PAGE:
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I think maintenance is the key issue here, or with any car. My last speedster (Vintage) was driven regularly and after 3 years showed no signs of frame fatigue, body cracking or engine problems. It was a factory built 1776 single carb from Vintage. In fact the only thing that did show, was small paint chips from rocks etc, other than that it looked new. That being said, I never skipped even the most minor maintenance, oil change/valve adjustment every 3months - 3000 miles. Garage storage, wax every 2 months, etc. Just beware of used speedsters that were built by less than reputable manufacturers (Ryan Motors) or home builders. While there are some home builders here that probably have better than factory quality cars, there are some who just slapped the car together with glue and spit.

Good maintenance applies to any car regardless on the manufacturer. It goes a long way in keeping you from the dreaded tow truck call. My inlaws constantly want to buy my old cars because they think they never break down. When they buy a new car, it will be on the side of the road in less than a year. Of course they spend NO money on maintenance. Bangs, knocks, warning lights, low tire tread, all get ignored until the car just quits. Then they spend huge amounts of money to fix the problem.

And then, aging well or evolving well, I've driven my Ryan Motors speedster 33,000 miles in the past 5 plus years. After the nagging elec. probs and hose probs that showed up in the 1st 10,000 miles were worked out, It has functioned as my daily driver year round here in the denver area. Continues to be solid and dependable as regular maintenance supports it. No probs with the body/doors/hood/trunk remaining aligned and trouble free. Both tops and both sets of curtains function well. The interior and paint shows wear expected of a drop-top road warrior driven almost daily. Mechanical problems have been limited to replacing the starter which was a rebuilt type one cost of about 60.00 and the clutch Kennedy Stage one which failed. Cables, the clutch and accelerator cables have been replaced 2 or three times each due to shortening and/or not aligning the guide tubes well. Other costs have been in upgrading the brakes, suspension, ignition, induction, and exhaust which have all been optional. I replaced the floor pans at the cost of 180.00 as I neglected the maintenance of them. With in the next four years I'll probably repaint and re-apolsture it along with putting a fresh and bigger engine in there. And continue to enjoy the drive.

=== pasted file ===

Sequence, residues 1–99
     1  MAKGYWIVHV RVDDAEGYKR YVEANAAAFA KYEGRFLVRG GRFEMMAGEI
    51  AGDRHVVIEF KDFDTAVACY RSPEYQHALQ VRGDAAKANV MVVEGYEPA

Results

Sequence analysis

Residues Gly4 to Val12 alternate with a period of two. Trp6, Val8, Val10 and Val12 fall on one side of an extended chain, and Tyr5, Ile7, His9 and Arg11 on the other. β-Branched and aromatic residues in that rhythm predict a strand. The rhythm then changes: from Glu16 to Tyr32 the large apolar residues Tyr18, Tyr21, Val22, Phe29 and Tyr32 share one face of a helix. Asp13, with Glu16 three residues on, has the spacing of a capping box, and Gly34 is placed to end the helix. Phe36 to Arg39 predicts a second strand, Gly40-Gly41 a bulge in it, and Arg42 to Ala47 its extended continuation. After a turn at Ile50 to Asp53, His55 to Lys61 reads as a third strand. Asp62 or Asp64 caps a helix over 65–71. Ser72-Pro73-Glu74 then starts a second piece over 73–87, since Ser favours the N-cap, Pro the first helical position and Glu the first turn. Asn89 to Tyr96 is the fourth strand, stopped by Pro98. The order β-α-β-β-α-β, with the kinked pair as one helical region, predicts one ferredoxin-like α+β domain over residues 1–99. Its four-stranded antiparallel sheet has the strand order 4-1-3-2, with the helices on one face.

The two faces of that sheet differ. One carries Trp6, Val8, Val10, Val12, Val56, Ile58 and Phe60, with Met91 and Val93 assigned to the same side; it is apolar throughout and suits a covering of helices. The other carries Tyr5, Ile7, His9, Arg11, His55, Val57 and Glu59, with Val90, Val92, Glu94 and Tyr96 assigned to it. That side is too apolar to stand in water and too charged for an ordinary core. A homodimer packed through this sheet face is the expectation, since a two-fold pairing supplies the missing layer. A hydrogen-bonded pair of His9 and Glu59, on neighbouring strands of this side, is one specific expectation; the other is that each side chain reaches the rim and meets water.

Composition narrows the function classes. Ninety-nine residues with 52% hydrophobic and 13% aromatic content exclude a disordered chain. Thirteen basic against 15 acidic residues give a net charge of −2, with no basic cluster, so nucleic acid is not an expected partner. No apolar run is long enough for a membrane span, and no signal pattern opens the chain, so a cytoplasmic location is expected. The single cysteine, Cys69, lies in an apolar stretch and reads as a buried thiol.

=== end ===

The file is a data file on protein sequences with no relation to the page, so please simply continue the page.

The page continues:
(Message Edited 1/21/2003 3:02:41 AM)
I believe you could follow the 3,000 mile rule, or every two years in your case, and be just fine. Many of the members of the board do their own maintenance, including myself. Valves adjustments are not difficult, and with a good manual like the John Muir "idiot book" even an ordinary, marginally mechanical "feckless tuner" like myself can pull it off. You can order the Muir book by accessing the library tab on this site. It's well worth the price, believe me.
John H
2000 VS
Reliable... yes, it's a german VW.
Just maintain it and do keep little stuff up. 250,000 miles on the tranny, then rebuild ($900 to $1700). Major overhaul (top and bottom end) every 100,000 miles = $2500 to $3000. Top end (heads) rebuild, every 50,000 miles ($300 to $750). If it is a really fast motor, reduce the mileage by 20% and increase the cost by 30 tp 40%.
Hello Patrick. You mentioned that this car may be a daily driver. Depending on your climate, you may want to ensure you silicone anything that can possibly leak into the interior. We just purchased a new Vintage turnkey and live in Nashville where it rains quite a bit. The carpet behind the front seats became soaked until I took care of it. We're using the Speedster as a daily driver and been in the snow and rain with no regrets! Thanks.
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